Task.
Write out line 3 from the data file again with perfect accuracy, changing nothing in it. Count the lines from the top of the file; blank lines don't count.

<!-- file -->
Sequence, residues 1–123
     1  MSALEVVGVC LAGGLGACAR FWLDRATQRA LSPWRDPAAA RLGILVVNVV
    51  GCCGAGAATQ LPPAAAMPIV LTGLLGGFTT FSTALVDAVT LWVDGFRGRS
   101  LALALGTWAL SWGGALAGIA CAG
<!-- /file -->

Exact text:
    51  GCCGAGAATQ LPPAAAMPIV LTGLLGGFTT FSTALVDAVT LWVDGFRGRS